Maximum of 9th level fighter in the Fiend Folio.

2 attacks at 2 HD is compatible either way.

Haste from the PH explicitly doubles attack rates.

"Haste (Alteration)
Level: 3 Components: V, S, M
Range: 6” Casting Time: 3 segments
Duration: 3 rounds + 1 round/level Saving Throw: None
Area of Effect: 4” × 4” area, 1
creature/level
Explanation/Description: When this spell is cast, affected creatures function at double their normal movement and attack rates. Thus, a creature moving at 6” and attacking 1 time per round would move at 12” and attack 2 times per round. Spell casting is not more rapid. The number of creatures which can be affected is equal to the level of experience of the magic-user, those creatures closest to the spell caster being affected in preference to those farther away, and all affected by haste must be in the designated area of effect. Note that this spell negates the effects of a slow spell (see hereafter). Additionally, this spell ages the recipients due to speeded metabolic processes. Its material component is a shaving of licorice root."

Page 25 of the PH provides the fighter extra attacks information.

FIGHTERS’, PALADINS’, & RANGERS’ ATTACKS PER MELEE ROUND TABLE
Level
Attacks per Melee Round*
Fighter 1-6
Paladin 1-6
Ranger 1-7
1/1 round
1/1 round
1/1 round
Fighter 7-12
Paladin 7-12
Ranger 8-14
3/2 rounds
3/2 rounds
3/2 rounds
Fighter 13 & up
Paladin 13 & up
Ranger 15 & up
2/1 round
2/1 round
2/1 round
*With any thrusting or striking weapon
Note: This excludes melee combat with monsters (q.v.) of less than one hit die (d8) and non-exceptional (0 level) humans and semi-humans, i.e. all creatures with less than one eight-sided hit die. All of these creatures entitle a fighter to attack once for each of his or her experience levels (See COMBAT)."

The combat section references these extra attacks with regard to initiative, but does not specifically provide information applicable to two weapon situations.
 
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ECMO3

Villager
I always played 1 extra attack. Fighters, Rangers and Paladins in 1E were more powerful than other classes in the PHB. Once Unearther Arcana was published weapon specialization increased this gap making fighters and Rangers godlike compared to other classes. The only classes close were Cavaliers (including Paladins) and magic users at very high levels. Giving Fighters and Rangers another boost in terms of multiple attacks with an off-hand weapon would unbalance the game even more than it already is.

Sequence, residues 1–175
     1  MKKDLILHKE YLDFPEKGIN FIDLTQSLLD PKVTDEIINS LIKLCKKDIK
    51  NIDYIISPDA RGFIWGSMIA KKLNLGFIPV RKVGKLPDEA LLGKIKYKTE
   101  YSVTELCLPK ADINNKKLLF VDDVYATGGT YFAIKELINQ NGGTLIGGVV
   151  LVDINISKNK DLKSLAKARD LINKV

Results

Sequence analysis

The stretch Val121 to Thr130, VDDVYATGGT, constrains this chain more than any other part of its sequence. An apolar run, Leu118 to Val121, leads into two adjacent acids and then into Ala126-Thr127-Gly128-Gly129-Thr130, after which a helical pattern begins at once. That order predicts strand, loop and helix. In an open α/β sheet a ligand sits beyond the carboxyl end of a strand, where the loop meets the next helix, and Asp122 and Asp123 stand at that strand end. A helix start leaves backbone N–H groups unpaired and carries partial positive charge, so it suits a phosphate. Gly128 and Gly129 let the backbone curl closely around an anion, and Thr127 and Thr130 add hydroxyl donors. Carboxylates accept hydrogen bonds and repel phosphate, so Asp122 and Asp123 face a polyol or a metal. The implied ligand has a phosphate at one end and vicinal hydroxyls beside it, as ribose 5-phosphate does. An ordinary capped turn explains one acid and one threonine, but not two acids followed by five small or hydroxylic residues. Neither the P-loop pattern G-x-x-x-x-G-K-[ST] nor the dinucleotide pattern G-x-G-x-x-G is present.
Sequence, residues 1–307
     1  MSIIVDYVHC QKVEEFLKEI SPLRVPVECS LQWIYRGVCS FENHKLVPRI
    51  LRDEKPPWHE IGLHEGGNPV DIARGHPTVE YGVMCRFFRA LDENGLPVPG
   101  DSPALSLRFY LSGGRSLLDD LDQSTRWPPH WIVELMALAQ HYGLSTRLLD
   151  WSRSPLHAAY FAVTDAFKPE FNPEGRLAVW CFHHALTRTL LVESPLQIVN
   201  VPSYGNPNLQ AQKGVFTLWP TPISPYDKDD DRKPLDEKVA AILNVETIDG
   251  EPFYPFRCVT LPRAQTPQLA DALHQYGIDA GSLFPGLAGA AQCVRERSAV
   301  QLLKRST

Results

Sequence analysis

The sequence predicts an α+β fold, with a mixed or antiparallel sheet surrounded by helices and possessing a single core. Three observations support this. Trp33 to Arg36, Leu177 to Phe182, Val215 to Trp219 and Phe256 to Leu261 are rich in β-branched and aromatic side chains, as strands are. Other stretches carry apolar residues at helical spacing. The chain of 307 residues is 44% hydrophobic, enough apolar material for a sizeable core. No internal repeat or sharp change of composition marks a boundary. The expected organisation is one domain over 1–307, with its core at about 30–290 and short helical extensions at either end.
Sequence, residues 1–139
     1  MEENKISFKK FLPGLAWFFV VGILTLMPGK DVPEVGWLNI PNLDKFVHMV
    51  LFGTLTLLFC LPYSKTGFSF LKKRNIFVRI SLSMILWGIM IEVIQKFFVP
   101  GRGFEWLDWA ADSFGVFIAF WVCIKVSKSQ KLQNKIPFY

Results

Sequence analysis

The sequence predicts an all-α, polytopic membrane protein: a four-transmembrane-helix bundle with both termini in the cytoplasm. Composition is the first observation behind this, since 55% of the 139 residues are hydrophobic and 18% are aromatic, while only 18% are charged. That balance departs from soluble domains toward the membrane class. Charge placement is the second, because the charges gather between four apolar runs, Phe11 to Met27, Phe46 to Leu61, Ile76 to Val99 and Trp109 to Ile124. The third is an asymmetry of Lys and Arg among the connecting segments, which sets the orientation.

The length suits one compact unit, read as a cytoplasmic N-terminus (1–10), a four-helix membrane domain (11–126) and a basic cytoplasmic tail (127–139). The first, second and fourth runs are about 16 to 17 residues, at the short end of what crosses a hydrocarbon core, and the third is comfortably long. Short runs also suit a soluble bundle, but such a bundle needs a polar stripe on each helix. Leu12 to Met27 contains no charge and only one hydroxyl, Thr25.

Consider a 7th-level Thief or Assasin with an 18 strength can backstab with his longsword and do an average of 19 points of damage .... if he could manage to get in position to backstab. He could do another 5.5 points with a dagger in the offhand for 24.5 and that is on a backstab where he was successfully hidden before he made the first attack and if your DM ruled that strength bonuses tripled on a backstab. He did this with a 19THAC0, 15 if he made the attack from behind.

A fighter level 7 with an 18:01 strength and double specialization can strike twice with his longsword and then with an offhand handaxe for 30.5 every round. In addition to doing more damage even if the thief gets backstab, the fighter also has a 14 THAC0 at level 7 vs 19 for a level 7 thief. Even if the thief gets his core +4 to hit from behind, it is still higher than the fighters. Give the fighter another attack and it just makes it worse.
 

Great post @Voadam
What we went for the haste and two weapon fighting.
The doubling of attack sequence is always taking into consideration only one hand/weapon. A secondary weapon would provide only one more attack and two If hasted.

We came to the conclusion that a hasted two weapon fighter would be too unbalanced at high level. If the attack rating was truly doubled at all times, it would mean that a hasted two weapon fighter would be see his normal attack rating multiplied by four! Or to be precise, double the double, as there was no rules on multipliers being added and not multiplied in 1e.